Homeschooling is by far one of the best decisions I’ve made for my family. It has enabled me to become the patient and hands-on parent that I’ve always wanted to become. More importantly, I’m no longer unsure whether my children are getting the education they deserve. The even greater news is, homeschooling in Pittsburgh is not difficult.
The process to homeschool in Pittsburgh (and the state of Pennsylvania) is fairly simple. All that is required to homeschool in Pennsylvania is
- File an affidavit that states who is responsible for the schooling prior to the beginning of the school year with your district’s superintendent
- File a list of educational objectives for each child you plan to homeschool at the beginning of the school year with your district’s superintendent
- Have your child evaluated at the end of the school year. The evaluator will give you their assessment which must be filed with your district’s superintendent at the end of the school year
All of these documents are linked below.
Step 1: Legalizing your Homeschool
- The first step is to file your PA Affidavit of Intention to Homeschool & a list of educational objectives. You can download those forms by clicking here. They can be filed as is, or you can change them. Your superintendents office will accept them either way.
- You will need to have your Affidavit of Intention notarized. Call 412.331.1208 for a free notary service, or if you would like to support a Black-owned business, check out Notary Now LLC owned by Brown Mama Yolanda. She will come to your house and provides stellar service.
- Your paperwork must be filed with the superintendent of the school district you live in. If you live in Pittsburgh and are in the Pittsburgh Public School District you can file your paperwork at the Student Achievement Center. Here is the address: 925 Brushton Avenue
Pittsburgh, PA 15208. You can also email your paperwork to Michele Wesolowski at email@example.com.
- If you live in the Pittsburgh Public School District your affidavit and objectives must be filed during the August prior to the school year you’d like to begin homeschooling. You must file one affidavit with each child’s name in the children section, and one set of objectives per child. If not, contact your local superintendent’s office to get the exact date and place to file your paperwork.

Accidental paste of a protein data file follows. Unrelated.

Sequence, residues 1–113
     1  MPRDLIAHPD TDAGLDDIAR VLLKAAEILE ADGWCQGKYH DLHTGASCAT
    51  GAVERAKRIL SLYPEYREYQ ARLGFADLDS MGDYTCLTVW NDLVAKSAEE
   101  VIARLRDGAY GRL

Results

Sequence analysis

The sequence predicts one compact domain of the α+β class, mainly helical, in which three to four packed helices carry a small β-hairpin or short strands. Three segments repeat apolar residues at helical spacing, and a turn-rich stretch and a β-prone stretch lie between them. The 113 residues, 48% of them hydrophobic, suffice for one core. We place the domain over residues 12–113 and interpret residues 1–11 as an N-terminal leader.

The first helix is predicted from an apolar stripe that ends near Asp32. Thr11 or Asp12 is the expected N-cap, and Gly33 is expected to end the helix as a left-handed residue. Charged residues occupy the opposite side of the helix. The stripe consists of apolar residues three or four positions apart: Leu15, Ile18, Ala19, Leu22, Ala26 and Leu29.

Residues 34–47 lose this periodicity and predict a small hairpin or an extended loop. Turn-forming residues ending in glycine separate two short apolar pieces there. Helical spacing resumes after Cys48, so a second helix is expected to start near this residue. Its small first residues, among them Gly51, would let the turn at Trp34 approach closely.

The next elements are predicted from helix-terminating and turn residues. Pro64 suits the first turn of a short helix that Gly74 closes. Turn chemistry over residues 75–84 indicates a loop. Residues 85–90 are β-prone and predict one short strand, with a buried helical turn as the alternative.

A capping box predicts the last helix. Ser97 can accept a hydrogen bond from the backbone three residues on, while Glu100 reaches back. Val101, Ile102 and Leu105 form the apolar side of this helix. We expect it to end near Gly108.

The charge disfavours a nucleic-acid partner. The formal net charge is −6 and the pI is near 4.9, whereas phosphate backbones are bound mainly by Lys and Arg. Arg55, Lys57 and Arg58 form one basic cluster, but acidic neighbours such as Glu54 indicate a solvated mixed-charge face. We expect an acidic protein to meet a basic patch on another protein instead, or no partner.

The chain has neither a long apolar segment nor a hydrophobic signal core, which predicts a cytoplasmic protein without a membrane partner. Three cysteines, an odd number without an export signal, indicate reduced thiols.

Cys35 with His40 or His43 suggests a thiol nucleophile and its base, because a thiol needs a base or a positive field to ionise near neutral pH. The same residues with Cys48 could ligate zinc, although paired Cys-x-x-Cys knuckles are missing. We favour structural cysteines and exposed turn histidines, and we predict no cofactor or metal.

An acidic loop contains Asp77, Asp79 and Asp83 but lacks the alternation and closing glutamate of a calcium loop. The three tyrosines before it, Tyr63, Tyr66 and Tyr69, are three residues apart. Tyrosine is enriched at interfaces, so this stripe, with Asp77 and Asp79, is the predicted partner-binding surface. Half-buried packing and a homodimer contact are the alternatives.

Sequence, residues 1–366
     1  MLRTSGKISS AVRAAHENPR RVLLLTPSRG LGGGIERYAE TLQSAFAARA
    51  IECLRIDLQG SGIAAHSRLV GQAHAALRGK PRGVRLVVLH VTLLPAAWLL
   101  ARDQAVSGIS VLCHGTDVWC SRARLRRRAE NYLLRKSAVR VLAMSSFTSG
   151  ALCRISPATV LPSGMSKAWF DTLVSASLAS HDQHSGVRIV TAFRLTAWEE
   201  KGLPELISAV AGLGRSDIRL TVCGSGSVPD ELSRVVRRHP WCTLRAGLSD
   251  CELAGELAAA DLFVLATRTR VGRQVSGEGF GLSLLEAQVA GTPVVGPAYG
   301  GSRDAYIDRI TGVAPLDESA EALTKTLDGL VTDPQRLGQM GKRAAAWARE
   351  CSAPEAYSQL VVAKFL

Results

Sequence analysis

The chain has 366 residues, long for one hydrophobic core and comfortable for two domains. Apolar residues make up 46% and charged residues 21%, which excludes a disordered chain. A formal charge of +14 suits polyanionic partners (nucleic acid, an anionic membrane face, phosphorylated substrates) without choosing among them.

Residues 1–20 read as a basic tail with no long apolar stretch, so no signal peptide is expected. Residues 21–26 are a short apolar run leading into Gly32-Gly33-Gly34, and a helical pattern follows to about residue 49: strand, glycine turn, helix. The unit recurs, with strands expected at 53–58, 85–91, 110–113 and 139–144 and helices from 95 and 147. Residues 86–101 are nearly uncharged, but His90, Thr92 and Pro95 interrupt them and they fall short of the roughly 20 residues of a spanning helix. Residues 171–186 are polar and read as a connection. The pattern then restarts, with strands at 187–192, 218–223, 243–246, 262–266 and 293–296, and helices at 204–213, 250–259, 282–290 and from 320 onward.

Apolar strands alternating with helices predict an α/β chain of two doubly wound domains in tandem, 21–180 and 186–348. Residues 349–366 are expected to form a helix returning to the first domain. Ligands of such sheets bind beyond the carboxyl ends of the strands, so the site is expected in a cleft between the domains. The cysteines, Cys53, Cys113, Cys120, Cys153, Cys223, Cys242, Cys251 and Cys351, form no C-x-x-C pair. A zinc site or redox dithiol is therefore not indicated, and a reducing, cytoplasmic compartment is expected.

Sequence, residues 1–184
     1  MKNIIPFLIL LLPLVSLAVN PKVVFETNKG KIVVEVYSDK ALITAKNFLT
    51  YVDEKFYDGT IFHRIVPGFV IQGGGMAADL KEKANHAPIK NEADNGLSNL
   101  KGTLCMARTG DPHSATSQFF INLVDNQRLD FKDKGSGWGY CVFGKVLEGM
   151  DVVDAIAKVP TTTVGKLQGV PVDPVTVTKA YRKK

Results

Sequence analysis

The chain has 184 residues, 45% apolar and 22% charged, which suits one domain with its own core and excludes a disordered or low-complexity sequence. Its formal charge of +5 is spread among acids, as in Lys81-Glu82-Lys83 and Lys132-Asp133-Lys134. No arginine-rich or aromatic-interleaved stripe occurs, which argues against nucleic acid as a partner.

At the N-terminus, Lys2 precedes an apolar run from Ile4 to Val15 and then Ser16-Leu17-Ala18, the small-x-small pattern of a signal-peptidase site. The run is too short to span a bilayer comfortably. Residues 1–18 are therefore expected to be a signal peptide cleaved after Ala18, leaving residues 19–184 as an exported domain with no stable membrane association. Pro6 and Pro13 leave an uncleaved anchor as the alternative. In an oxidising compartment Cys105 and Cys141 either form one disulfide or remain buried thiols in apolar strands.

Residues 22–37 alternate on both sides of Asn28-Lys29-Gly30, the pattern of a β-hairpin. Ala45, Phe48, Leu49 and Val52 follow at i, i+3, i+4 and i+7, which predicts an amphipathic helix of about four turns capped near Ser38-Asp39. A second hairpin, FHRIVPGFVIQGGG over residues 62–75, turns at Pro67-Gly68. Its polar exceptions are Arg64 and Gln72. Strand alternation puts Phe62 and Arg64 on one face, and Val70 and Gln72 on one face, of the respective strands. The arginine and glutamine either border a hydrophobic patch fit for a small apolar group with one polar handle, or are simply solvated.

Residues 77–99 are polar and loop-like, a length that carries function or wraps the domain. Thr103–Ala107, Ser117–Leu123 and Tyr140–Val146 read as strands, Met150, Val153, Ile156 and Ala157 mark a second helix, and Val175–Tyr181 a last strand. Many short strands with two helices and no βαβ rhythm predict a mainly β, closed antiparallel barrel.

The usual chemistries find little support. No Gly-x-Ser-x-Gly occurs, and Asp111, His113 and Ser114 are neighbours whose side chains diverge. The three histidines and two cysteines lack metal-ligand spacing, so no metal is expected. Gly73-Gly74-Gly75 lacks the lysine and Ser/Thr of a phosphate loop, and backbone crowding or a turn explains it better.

Step 2: Deschooling Your Child
You’ve legalized your homeschool now it’s time to take a breather. Relax, this is a big step you have taken and you need to pat yourself on the back. Take a trip with your children, take a drumming class or swim class. In essence, do something fun. Realize that your kids are NOT used to thinking about home as a classroom and neither are you. Allow yourself and your children time to adjust.
The process of removing the performance, competition and need to do things up to a ‘standard’ from your learning journey is called Deschooling.
I’ve created a Brown Mamas’ Guide to Deschooling if you need help defining this process and could use some tips and activities to do to assist in your deschooling process.
While you are “deschooling” take some time to look for a curriculum, or not. We do not use one curriculum in its entirety. We do more of a hyrbrid form of homeshooling where we unschool, use online classes and curricula when necessary and often allow learning to be led by our children’s own curiosity. Learn more about unschooling in the video below and in this article.
Every homeschooler must educate their children specific to their needs. For some that may mean completely unschooling, while for others it may mean schooling at home.